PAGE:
One way to examine how your community influences you is to look at your social network. A social network is a collection of people and all of the connections between them. For instance, look at the social network graph above of 105 college students living in the same dormitory that I adpated from the excellent book Connected by Christakis and Fowler (2011). Each dot on the graph represents a single student and each line indicates a mutual friendship between two students. Researchers call the dots in social networks nodes and the connecting lines are called ties.
A social network graph reveals not only who has a lot of friends, but also who has a lot of friends who themselves also have a lot of friends. For instance, compare student A to student B. Both students are friends with six other students, but student A’s friends have far more friends than student B’s friends do. As a result, student A has more indirect connections to more of his dorm-mates than student B does. Centrality is the term social scientists use to describe how many connections the people you are connected to have. In part it’s called this because when your friends have more friends the dot representing you on the network graph literally moves toward the center.
Why is PDA (public displays of affection) a social no-no? In this post Nathan Palmer uses Goffman’s Dramaturgy and failed performances to explain why people get so upset.
I had my first experience with PDA at 13 on a junior high school field trip. Tiffany, a classmate of mine, had said something awesome and during the uncontrollable fit of laughter her comment prompted, she raised her hand and we high fived. “Excuse me you two!” our teacher’s voice pierced through our hysterical laughter. “There are rules against that type of behavior!” “Huh? What behavior?” I asked. That’s the moment I first learned about public displays of affection (PDA) and my school’s policy against it. Tiffany and I were written up by our overzealous teacher for “touching each others bodies.”
Public displays of affection (PDA) are widely considered socially unacceptable and worthy of mocking or punishment. Similar to my experience, many schools have policies against it, Tumblr pages have been created just to mock the people who do it, and in some parts of the world you can even be arrested for hugging, or kissing in public. What’s going on here? Why is PDA such a big deal? The sociologist Erving Goffman can help us understand.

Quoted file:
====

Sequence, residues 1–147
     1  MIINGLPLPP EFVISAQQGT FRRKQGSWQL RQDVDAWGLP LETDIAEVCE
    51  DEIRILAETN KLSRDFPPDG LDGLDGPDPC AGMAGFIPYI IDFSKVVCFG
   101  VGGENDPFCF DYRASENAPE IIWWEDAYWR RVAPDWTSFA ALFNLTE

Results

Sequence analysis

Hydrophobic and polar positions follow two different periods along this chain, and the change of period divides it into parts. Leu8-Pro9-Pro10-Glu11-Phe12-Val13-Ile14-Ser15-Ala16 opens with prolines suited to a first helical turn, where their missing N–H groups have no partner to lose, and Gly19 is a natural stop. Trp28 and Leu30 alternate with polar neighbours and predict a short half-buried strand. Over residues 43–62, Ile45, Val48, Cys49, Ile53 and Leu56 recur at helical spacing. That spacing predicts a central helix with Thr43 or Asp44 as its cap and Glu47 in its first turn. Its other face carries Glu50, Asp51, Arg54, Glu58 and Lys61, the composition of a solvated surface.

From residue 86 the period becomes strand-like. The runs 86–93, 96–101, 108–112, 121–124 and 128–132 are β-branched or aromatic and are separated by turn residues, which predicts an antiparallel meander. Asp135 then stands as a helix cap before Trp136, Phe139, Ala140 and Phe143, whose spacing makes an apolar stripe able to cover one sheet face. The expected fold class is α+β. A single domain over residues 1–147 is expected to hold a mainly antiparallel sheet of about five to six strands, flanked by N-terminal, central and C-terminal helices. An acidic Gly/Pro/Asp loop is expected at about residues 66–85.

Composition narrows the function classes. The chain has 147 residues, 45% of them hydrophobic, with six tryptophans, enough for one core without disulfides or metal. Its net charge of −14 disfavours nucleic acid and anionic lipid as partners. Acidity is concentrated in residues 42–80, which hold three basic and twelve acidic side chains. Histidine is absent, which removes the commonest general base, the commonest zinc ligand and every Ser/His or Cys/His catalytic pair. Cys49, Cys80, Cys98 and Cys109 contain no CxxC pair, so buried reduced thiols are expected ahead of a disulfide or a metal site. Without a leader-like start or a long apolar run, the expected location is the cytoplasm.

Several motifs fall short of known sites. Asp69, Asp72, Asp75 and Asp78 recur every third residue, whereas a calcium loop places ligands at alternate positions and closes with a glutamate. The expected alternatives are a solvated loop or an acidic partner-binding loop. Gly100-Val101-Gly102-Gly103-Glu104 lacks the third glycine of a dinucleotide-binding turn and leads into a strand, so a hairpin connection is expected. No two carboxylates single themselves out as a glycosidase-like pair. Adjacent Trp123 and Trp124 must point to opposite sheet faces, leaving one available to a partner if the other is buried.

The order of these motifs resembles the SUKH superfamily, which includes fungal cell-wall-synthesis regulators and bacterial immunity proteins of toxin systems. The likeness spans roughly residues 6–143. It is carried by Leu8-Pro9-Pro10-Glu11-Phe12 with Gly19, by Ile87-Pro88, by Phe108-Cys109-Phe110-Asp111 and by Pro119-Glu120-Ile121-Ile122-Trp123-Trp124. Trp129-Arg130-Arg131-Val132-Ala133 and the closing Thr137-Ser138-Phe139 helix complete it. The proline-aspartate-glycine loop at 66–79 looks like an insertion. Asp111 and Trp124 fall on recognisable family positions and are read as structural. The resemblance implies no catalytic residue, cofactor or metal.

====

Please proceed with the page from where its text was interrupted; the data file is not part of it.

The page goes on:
Talking on the phone with a bluetooth headset in public spaces creates lots of awkward moments. In this essay, Nathan Palmer uses these funny moments to illustrate what sociologists call civil inattention and the unspoken rules of public conversations.
“Hi, can I ask you a question?” said the man next to me out of nowhere. I was seated in those brutally uncomfortable airport chairs waiting to board my flight. Looking up from my phone our eyes locked and I gave a small polite smile, cocked my head a little to the side, pursed my lips, and popped my eyebrows up. “Sure, what can I help you with?” Immediately he looked to the floor, threw his hand up with his pointer finger to the sky and said, “Hold on. Sorry, can you hold on a second, some guy is trying to talk to me at the airport.”
He dropped his hand and when we made eye contact. “Can I help you with something buddy? Can’t you see that I’m on the phone?” With his head turned I could fully see the disdain on his face and the flash of light on the tiny plastic bluetooth headset I hadn’t noticed he was wearing. My blood boiled. Like people fleeing a burning theater, dozens of snarky comebacks all tried at once to force their way out of my mouth. “Uh, what? Wait you’re the one who said- Look I’m not the one,” before I could dislodge my thoughts he put his hand back in my face. “Listen bro, I don’t know what to tell ya. Why don’t you go find someone who’s not on the phone.” He grabbed his things and while walking away I couldn’t hear everything he said, but I could clearly make out the words weirdo, rude, manners and the phrase “some people.”
Well, Mr. Bluetooth, you do not know who you messed with. I am a passive aggressive sociologist with a blog. You may think you got the last word (because you did), but I’ll show you. In fact, I’m going to show everyone why I think it’s jerky to talk on your bluetooth in public places and then get in a huff when people think you’re talking to them. And believe it or not, I’m going to do all of that while teaching folks a little something about sociology.